Stemming the Tide: Human Rights and Water Policy in a Neoliberal World (Hardback)Madeline Baer (author)
Hardback 224 Pages / Published: 14/09/2017
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When privatization of public services swept the developing world in the 1990s, it was part of a seemingly unstoppable tide of neoliberal reforms aimed at reducing the role of the state and reorienting economies toward market-led policymaking. Water privatization, one of the more unpopular policies of the neoliberal development paradigm, sparked a particularly fierce debate and gave rise to a movement of self-proclaimed "water warriors" who advocated for legal recognition of water as a basic human right to be protected and fulfilled by states. Complicating this debate, Madeline Baer questions whether either approach - the market approach or a human rights-based approach - leads to improved access to water. More specifically, Baer explores how the human right to water and sanitation is fulfilled in different contexts, whether neoliberal policies like privatization pose a threat to the right to water, and whether rights fulfillment leads to meaningful social change. Using two case studies - Chile, the most extreme case of water privatization in the developing world, and Bolivia, the birthplace of the global movement for the human right to water - Stemming the Tide uncovers the conditions under which the right to water and sanitation can be fulfilled, as well as the obstacles to fulfilment. Ultimately this book argues that deepening mechanisms for citizen participation, strengthening accountability, and creating alternatives to the state/market binary can help achieve meaningful social transformation in the water sector.
Publisher: Oxford University Press
Number of pages: 224
Weight: 356 g
Dimensions: 222 x 153 x 21 mm
"Tired debates over whether states or markets are superior providers of public goods have tended to dominate water and sanitation reform. Baer's comparison of a much-heralded model of water privatization with an equally famous case of rights-based resistance takes us beyond this controversy, illustrating how naive adherence to any model that privileges states or markets while ignoring citizen participation and community-based alternatives is flawed. Her unique analysis provides valuable insights for theories of social transformation, and offers fertile ground for future researchers to cultivate."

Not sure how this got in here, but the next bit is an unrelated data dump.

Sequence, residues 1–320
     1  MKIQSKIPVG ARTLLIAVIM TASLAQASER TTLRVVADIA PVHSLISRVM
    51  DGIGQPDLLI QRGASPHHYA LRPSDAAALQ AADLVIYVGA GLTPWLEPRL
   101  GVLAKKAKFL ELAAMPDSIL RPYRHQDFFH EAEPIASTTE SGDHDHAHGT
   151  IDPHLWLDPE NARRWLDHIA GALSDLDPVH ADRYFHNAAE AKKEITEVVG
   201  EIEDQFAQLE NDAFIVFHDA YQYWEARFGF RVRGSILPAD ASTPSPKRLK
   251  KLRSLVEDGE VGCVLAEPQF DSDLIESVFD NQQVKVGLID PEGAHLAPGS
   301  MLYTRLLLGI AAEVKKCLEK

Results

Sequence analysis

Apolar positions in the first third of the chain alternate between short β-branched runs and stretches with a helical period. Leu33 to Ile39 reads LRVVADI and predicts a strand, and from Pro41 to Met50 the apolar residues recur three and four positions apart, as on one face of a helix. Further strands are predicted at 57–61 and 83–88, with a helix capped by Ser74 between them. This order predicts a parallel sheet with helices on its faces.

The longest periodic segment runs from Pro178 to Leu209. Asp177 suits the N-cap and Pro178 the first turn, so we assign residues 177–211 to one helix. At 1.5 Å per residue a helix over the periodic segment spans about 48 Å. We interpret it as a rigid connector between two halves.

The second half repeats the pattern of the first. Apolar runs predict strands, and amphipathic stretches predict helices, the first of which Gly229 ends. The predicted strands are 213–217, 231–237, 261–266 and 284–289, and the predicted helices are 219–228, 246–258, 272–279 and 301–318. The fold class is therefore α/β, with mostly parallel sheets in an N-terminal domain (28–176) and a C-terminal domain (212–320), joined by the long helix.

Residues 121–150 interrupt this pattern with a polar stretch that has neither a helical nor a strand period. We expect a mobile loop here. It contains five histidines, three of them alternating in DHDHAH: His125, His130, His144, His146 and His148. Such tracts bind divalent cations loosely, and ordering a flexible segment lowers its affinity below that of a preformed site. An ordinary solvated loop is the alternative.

--LaDawn Haglund, Author of Limiting Resources: Market-Led Reform and the Transformation of Public Goods
"Madeline Baer makes a central contribution to human rights and political science literatures alike with this compellingly written, theoretically provocative, and timely book. The implications of her findings should push scholarship and policymaking on economic rights in important new directions."
--Shareen Hertel, University of Connecticut
"Madeline Baer shows that state capacity to regulate suppliers, prevent corruption, and subsidize poor customers may be more important than whether the water is privately or publicly provided. Everyone interested in the fulfillment of economic human rights should read this important volume."
--Rhoda E. Howard-Hassmann, Author of State Food Crimes
"Stemming the Tide makes an important contribution to the burgeoning literature on the right to water. Baer refuses to simply accept the conventional narratives and exposes the complexity and contradictions of realizing the right to water. As such, the book raises the scholarship on the right to water to a new level."
--Inga Winkler, Author of The Human Right to Water
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